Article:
The SEC is coming after the Egan-Jones Ratings Co, guns blazing. Surely it just happens to be a coincidence that the SEC has filed suit (for missing a comma in a filing) against the only ratings firm that is funded by investors rather than Wall Street banks, and also happens to be the firm that has downgraded US debt to AA?
The Securities and Exchange Commission, it seems, has finally lost its mind.
In April, motivated by what I consider pure maliciousness, the SEC initiated a “cease and desist” administrative proceeding it deemed “necessary for the protection of investors and in the public interest” against Egan-Jones Ratings Co., a privately owned, 20-person firm based in Haverford, Pennsylvania, and against its principal owner, Sean Egan…
See what happens when you attempt to inform the public of the US’ true fiscal status?
Now, incredibly, Egan-Jones is the sole rater that the SEC has decided to attack. The trouble for the firm started on July 16, 2011, when Egan-Jones downgraded the U.S.’s sovereign debt by one notch, to AA+ from AAA. Egan-Jones cited “the relatively high level of debt and the difficulty in significantly cutting spending.” Two days later, the SEC’s Office of Compliance Inspections and Examinations contacted the firm seeking information about its rating decision. (The next month, S&P also downgraded the U.S.’s sovereign debt, but neither Moody’s nor Fitch did.)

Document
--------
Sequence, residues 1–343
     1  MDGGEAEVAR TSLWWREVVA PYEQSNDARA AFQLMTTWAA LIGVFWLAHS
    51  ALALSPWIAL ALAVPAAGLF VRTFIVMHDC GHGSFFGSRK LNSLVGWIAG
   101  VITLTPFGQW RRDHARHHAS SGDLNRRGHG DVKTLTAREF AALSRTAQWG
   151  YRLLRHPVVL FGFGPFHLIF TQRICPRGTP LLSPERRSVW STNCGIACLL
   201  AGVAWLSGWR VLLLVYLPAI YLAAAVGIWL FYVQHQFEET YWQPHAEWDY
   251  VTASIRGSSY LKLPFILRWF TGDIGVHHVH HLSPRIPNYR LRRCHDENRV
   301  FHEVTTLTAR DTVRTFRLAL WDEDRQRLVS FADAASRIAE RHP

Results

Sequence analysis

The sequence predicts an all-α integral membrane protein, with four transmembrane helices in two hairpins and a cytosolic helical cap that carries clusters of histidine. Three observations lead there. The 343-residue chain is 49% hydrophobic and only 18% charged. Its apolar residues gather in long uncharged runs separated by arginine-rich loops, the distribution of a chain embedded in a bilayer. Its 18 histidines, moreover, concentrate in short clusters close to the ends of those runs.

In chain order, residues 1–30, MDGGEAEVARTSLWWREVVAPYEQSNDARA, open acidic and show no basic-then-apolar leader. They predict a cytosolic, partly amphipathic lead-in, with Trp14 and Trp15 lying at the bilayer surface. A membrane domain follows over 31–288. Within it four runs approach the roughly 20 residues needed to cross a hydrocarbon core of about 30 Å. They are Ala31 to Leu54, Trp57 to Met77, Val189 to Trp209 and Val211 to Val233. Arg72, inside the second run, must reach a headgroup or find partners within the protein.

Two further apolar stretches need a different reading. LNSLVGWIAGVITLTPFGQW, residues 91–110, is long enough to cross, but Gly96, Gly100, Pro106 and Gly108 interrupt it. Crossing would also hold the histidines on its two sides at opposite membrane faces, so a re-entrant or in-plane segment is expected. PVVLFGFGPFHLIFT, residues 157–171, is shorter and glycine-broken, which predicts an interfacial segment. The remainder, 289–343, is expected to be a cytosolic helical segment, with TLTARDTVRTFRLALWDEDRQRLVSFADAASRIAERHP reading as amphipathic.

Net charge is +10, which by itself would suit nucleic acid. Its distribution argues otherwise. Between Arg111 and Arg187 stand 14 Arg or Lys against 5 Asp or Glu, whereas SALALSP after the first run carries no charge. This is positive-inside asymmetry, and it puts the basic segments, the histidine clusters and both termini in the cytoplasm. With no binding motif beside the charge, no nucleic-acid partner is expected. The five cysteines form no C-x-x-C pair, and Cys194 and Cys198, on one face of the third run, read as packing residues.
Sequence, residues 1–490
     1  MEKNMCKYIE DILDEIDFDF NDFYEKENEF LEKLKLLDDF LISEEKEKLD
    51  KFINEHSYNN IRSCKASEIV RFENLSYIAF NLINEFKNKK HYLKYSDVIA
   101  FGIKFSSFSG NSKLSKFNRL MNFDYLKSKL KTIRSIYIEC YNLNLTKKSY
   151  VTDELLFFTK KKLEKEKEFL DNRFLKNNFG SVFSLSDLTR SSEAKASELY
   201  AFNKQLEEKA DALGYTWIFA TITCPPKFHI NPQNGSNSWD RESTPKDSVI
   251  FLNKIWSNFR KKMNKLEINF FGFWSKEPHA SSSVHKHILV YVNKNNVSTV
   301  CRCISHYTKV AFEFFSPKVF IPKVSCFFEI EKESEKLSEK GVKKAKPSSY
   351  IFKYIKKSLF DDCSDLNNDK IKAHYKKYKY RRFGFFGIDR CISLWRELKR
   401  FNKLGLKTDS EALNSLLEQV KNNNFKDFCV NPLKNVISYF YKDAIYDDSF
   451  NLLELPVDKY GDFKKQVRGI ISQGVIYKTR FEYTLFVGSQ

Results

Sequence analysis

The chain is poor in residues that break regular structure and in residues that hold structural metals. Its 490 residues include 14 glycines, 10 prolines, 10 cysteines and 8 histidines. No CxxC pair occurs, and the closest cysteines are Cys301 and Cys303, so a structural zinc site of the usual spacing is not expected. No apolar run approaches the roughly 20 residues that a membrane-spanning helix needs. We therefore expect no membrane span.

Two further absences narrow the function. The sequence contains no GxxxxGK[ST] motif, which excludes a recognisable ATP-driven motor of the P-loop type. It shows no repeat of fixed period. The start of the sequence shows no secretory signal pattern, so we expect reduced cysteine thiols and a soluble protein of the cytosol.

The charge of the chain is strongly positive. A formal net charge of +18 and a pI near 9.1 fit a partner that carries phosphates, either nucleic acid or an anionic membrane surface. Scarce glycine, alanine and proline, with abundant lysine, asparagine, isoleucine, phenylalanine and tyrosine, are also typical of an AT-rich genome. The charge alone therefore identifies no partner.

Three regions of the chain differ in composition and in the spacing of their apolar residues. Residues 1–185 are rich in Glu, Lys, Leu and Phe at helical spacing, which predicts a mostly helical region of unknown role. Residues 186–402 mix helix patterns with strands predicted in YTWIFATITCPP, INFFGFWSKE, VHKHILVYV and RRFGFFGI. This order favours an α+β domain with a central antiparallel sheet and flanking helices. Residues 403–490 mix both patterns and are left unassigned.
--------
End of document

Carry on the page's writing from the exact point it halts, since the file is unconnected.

Then, on Oct. 12, Egan-Jones received a call from the SEC notifying the firm of a Wells Notice, an indication that it was being investigated. On April 5 of this year, Egan-Jones again downgraded the U.S. sovereign debt, to AA from AA+. On April 19, leaks started emanating from the SEC that it had voted to start an “administrative law proceeding” against the firm. And on April 24, the SEC filed its complaint.
Just what does the SEC object to so vehemently about Egan- Jones? The commission claims that on its 2008 supplemental application to be a “nationally recognized” ratings firm, Egan- Jones “falsely stated” that it had already rated the credit of 150 asset-backed securities and of 50 sovereign-debt issues. The SEC claims Egan-Jones “willfully made these misstatements and omissions to conceal the fact that it had no experience issuing ratings on ABS or government issuers.” The SEC intends to fine Egan-Jones and to possibly censure Sean Egan.
Message to the ratings firms- play the game by our rules or face massive fines and personal harassment.